A treat for those who like their tricks on the scary side.

MOTHER GHOST

NURSERY RHYMES FOR LITTLE MONSTERS

This collection of shivery Mother Goose rhymes is sure to put kids in the Halloween spirit.

Opening with a spin on “Boys and Girls, Come out to Play,” Kolar sets kids up for the 12 to come: “Come with a whoop and come with a call; / Come with brave hearts or not at all.” All the favorites are here: “Mary Had a Little Ghost,” “Zombie Miss Muffet” (which doesn’t end well for the spider), “Sing a Song of Witches,” “Mary, Mary, Tall and Scary,” “Little Boy Drac.” Kolar’s scansion is spot-on with the originals, making them delicious to read aloud: “Frankenstein had a marvelous mind, / And a marvelous mind had he; / He called for some arms and he called for some eyes / And he called for his thunderbolts three.” Not all are creepy, though: “Twinkle, twinkle, lantern Jack, / Grinning orange against the black, / Crouched beneath the window light / Like a watchman in the night.” “Wee Willie Werewolf” rounds out the collection: “Growling at the window, howling to the skies, / ‘Are the monsters all in bed? The sun’s about to rise!’ ” Garrigue’s appropriately spidery illustrations employ a palette that’s heavy on purple and black, and there are lots of creepy details for observant readers to spy. Of the humans/humanoids who are alive, three have brown skin, and the rest are pale; almost none have discernible chins.

A treat for those who like their tricks on the scary side. (Picture book/poetry. 4-8)

Pub Date: July 15, 2018

ISBN: 978-1-58536-392-6

Page Count: 32

Publisher: Sleeping Bear Press

Review Posted Online: July 16, 2018

Kirkus Reviews Issue: Aug. 1, 2018

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Amid inconsistencies of format and information, the illustrations end up giving the most clarity about this festival.

DIWALI

From the Celebrate the World series

Diwali, the festival of lights, a five-day celebration that has many different forms, is celebrated in different ways across India and in many other countries.

This board book cursorily presents the different rituals associated with this celebration of the Hindu New Year, including getting the house ready to welcome Lakshmi, the goddess of wealth; decorating the house with rangoli and diyas; and celebrating with family, friends, fireworks, and good food. The text is simple and gives only very basic information. “On the fifth and final day of Diwali, we celebrate brothers and sisters. The lifelong bond between siblings is special, and we honor that.” The illustrations show four different sets of siblings celebrating each other in different ways, none of which are mentioned in the text, making it difficult for younger readers to understand the complexity of the celebration. Sreenivasan’s illustrations are colorful, detailed, and authentic, and they carry the book. They feature happy and smiling dark-haired people with a range of skin tones, diverse in ethnicity and dress. In bright, vivid colors, intergenerational families and friends from different regions come alive, dressed up in their colorful best, celebrating and enjoying the festival together in different ways. The board format of this title does not match the age range and conceptual level of the text.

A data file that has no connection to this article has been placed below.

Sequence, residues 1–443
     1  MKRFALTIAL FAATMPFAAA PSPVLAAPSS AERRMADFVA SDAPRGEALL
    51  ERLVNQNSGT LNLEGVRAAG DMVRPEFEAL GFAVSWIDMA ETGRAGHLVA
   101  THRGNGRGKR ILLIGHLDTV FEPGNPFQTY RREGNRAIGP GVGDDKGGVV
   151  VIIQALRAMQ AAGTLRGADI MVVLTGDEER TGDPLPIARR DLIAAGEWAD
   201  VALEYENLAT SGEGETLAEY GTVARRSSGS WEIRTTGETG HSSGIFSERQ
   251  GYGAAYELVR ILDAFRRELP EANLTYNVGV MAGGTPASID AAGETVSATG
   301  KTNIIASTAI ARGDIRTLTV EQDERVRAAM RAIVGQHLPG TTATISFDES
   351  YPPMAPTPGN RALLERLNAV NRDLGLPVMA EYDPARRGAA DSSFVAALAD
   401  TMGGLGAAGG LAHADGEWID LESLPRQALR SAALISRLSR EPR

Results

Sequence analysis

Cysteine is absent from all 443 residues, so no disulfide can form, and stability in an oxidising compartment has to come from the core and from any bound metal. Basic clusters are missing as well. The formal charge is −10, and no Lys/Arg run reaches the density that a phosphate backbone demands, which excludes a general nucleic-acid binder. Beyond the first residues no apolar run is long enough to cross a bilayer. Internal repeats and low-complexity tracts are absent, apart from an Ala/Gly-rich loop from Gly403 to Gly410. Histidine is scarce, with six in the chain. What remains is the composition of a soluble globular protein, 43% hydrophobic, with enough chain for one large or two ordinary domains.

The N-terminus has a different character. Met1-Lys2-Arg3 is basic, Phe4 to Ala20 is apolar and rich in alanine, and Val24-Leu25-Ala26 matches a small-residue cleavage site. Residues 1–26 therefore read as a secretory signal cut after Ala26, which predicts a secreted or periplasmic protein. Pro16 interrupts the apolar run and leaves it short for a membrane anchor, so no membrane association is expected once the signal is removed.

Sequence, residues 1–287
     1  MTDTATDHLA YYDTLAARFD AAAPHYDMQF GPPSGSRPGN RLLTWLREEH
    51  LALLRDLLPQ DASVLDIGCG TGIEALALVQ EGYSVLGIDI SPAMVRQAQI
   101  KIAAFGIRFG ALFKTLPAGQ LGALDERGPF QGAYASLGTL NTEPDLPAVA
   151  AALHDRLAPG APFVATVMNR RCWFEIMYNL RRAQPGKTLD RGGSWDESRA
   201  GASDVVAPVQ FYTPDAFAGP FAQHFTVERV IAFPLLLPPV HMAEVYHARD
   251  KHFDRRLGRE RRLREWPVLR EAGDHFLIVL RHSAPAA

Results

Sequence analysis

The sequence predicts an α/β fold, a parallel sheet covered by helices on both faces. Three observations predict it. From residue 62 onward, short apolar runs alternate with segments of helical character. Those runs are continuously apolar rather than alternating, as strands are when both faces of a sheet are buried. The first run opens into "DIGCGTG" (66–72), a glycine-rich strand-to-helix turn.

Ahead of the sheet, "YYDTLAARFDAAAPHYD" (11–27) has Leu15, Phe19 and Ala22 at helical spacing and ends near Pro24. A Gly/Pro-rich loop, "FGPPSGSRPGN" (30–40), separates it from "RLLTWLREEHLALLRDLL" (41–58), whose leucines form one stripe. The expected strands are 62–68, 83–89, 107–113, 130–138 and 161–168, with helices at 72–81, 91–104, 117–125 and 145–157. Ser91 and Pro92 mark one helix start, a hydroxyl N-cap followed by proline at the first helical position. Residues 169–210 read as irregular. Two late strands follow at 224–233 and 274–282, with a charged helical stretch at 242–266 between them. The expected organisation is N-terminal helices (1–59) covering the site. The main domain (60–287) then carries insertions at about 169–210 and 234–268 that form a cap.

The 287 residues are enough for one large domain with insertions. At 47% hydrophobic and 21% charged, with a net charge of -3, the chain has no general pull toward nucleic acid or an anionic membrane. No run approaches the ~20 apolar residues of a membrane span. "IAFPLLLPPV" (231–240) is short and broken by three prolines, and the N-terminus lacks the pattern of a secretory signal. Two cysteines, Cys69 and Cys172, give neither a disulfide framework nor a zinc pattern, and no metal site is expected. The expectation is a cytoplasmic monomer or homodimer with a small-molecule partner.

Amid inconsistencies of format and information, the illustrations end up giving the most clarity about this festival. (Board book. 4-8)

Pub Date: Aug. 28, 2018

ISBN: 978-1-5344-1990-2

Page Count: 24

Publisher: Little Simon/Simon & Schuster

Review Posted Online: Sept. 2, 2018

Kirkus Reviews Issue: Jan. 1, 2019

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DÍA DE LOS MUERTOS

From the Celebrate the World series

The traditions and history of one of Mexico’s most important holidays are introduced in this latest of Eliot’s Celebrate the World series.

From setting up the flower-festooned altars to decorating the calaveras, the preparations depicted involve entire communities over several weeks. Characters in cowboy hats, sombreros, and baseball caps place the final touches on skeletons in full lucha libre regalia or spangled mariachi outfits. However, instead of accurately using Mexico’s name for the holiday, Día de Muertos, Eliot uses the English back-translation, “Día de los Muertos,” as is common in the U.S. even though the story evidently takes place in Mexico. Also, aside from stating that the celebration “is an ancient tradition,” there is no mention of its Indigenous, pre-European/Christian roots nor does the book actively distinguish between Día de Muertos and Halloween. The first-person narration vacillates between child and adult perspectives. “We do all this to celebrate the beauty of life and death rather than mourn it.” Gutierrez’s mixed-media illustrations are convulsive, crowded panes of frenetic activity. Exaggerated facial features border on stereotypical caricatures—snouts and bug eyes abound. Contributing to the crowded page design is the unfortunate choice of board rather than picture-book format. Consequently, the initial perception is that this series is geared toward toddlers, when it is the school-age child who would most benefit from the information in this book.

Pass. (Board book. 4-7)

Pub Date: July 24, 2018

ISBN: 978-1-5344-1515-7

Page Count: 24

Publisher: Little Simon/Simon & Schuster

Review Posted Online: Oct. 16, 2018

Kirkus Reviews Issue: Jan. 1, 2019

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